Relax, Cryptocurrency Crashes are Normal!

Relax, Cryptocurrency Crashes are Normal!

At the end of November last year, Bitcoin hit the US$10,000 mark which was considered to be the “moon” for many. After flirting with a value of $20,000 at the end of 2017, it crashed to the lows of just over US$12,000 right before Christmas. Demonstrating remarkable resilience, Bitcoin bounced back this year to highs of US$17,650 before plunging over the last few days.

The oscillating behavior is not limited to Bitcoin alone. At one point over the last two days, every single cryptocurrency in the top 100 of CoinMarketCap.com was in the red, indicating that plenty of traders worldwide were looking to cut their losses and get out of the game.

Speculations suggest that Asian traders are cashing out their cryptocurrencies to travel and prepare for the soon approaching Lunar New Year, which is the cause for the latest crash but there’s no real way to tell.

Fear, uncertainty, and doubt (FUD) surrounding suggestions that South Korea and China are planning a crackdown on cryptocurrency trading may also have contributed to the crash, with the two countries responsible for sizeable trading volume on exchanges around the world. This may have prompted investors to take their money elsewhere.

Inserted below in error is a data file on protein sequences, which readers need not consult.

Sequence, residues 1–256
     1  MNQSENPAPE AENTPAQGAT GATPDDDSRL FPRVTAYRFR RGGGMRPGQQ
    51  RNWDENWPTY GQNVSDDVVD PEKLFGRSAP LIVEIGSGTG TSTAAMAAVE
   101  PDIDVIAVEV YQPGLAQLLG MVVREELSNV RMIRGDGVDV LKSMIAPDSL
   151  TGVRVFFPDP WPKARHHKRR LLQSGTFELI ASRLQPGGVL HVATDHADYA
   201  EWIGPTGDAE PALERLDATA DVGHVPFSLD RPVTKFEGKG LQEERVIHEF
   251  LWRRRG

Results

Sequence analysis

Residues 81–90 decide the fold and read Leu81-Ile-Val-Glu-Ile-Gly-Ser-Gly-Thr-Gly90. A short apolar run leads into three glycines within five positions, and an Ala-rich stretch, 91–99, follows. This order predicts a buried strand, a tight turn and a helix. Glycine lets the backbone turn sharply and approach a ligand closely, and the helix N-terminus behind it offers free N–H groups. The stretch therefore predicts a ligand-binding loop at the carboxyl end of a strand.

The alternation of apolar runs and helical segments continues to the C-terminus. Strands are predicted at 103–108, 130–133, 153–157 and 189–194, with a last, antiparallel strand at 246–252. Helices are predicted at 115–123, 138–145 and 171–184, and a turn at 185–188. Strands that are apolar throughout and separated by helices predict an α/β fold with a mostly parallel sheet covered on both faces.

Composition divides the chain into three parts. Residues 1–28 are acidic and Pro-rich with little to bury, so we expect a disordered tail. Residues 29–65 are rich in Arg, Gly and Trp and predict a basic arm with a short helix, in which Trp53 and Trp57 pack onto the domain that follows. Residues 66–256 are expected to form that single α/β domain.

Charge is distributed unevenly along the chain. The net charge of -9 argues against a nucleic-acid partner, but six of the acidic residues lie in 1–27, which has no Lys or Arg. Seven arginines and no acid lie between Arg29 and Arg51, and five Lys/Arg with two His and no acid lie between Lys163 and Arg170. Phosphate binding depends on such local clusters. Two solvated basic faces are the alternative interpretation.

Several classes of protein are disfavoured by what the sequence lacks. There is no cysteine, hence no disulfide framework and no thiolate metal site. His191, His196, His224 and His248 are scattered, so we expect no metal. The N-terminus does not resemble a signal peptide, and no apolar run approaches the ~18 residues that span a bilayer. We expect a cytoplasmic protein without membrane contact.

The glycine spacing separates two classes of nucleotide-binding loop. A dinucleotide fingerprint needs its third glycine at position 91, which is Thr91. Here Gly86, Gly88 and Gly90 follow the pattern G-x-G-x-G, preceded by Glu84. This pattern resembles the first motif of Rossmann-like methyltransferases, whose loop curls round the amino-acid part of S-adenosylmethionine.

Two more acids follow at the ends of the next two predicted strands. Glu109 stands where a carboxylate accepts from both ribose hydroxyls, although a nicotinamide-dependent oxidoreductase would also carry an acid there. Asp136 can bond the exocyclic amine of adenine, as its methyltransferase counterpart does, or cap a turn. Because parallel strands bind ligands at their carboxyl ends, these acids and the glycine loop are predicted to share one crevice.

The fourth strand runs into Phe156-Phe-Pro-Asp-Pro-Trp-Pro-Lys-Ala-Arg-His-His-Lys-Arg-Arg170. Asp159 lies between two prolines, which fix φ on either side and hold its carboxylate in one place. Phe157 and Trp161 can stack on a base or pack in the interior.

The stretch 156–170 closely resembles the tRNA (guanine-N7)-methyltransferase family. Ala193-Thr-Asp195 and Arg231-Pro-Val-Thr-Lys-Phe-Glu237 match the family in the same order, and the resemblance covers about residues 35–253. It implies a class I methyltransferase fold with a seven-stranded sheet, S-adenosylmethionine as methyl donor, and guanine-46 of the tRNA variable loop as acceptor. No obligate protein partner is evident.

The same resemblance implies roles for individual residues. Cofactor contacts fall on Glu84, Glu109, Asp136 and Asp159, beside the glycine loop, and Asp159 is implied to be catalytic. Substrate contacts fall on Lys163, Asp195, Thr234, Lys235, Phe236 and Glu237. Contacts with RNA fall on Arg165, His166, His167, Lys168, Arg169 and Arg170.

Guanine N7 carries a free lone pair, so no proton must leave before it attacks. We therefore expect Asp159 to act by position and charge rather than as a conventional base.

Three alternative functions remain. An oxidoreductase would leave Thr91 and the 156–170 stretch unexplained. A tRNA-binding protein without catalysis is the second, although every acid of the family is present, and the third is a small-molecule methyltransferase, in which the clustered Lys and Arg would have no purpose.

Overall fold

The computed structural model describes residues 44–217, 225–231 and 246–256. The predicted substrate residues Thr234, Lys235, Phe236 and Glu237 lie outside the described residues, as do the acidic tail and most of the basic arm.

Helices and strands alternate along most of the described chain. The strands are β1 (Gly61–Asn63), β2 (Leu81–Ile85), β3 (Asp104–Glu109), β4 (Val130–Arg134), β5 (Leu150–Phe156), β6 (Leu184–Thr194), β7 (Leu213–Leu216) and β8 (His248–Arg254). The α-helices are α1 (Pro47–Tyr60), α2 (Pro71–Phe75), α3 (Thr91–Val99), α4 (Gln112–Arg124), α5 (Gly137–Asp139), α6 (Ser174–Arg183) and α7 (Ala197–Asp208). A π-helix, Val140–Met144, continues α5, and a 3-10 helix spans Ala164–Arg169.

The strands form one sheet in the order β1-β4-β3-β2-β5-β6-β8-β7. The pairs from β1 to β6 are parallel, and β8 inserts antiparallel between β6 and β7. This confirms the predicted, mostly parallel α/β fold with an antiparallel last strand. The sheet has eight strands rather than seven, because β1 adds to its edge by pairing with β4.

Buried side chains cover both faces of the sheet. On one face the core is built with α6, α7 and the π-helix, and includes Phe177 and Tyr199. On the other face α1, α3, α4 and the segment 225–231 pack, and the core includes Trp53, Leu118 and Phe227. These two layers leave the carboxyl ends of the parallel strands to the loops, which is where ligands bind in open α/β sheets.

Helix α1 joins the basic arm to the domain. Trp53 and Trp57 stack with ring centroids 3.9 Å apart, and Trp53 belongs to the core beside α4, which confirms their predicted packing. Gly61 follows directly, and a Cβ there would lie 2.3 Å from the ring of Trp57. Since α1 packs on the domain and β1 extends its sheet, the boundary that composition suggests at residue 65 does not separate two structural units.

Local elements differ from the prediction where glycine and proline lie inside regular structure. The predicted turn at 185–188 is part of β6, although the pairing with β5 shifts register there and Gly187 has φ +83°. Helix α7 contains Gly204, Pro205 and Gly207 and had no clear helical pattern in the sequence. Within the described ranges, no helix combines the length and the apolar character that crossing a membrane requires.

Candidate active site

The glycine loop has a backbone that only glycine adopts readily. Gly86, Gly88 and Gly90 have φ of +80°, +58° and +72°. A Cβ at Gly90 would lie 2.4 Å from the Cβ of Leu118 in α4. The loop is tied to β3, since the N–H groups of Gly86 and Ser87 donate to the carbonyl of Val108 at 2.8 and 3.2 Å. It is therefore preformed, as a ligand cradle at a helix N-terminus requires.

In addition, the presence of more technical investors in the cryptocurrency game may also have exacerbated the severity of the crash suggests Lanre Sarumi, CEO of Riskbone, speaking to Coindesk.

With more investors likely to set their stop-loss prices at support levels, this could’ve been misinterpreted by novice investors as a sign that a crash was imminent. This would’ve triggered a spate of panic sells, which may have had a snowball effect on the rest of the market.

However, experienced investors have suggested that the January crash is an annual occurrence and is a temporary blip in an otherwise upward trajectory.

We’ve seen price falls like this before, and when you look back on them now, you’ll see they weren’t part of a bubble, just a blip,” said Michael Jackson, the former COO of Skype speaking to Newsweek in an interview last month.

At its core it is still an international payment mechanism and a store of value – that doesn’t change with speculation.

At the time of writing, Bitcoin has rebounded to US$11,502 having dropped to a low of US$9,402 just two days prior. In short, there should not be much to worry about. Cryptocurrencies are here to stay and holding your portfolio over the long-term is most probably the best way to weather the storm. Compared to a year ago, Bitcoin is still up over 1,000%, and there is little reason to doubt it won’t continue to appreciate in the coming year.

In fact, seasoned crypto traders are probably rubbing their hands in glee at the steep discounts available for their favorite cryptocurrencies. By the time you read this, the road to recovery may even be genuinely underway.

Disclaimer: This article does not intend to provide, and should not be taken as financial or investment advice. You should conduct your own research thoroughly, and are responsible for any investment decisions you make.

Cover image from fortune.com

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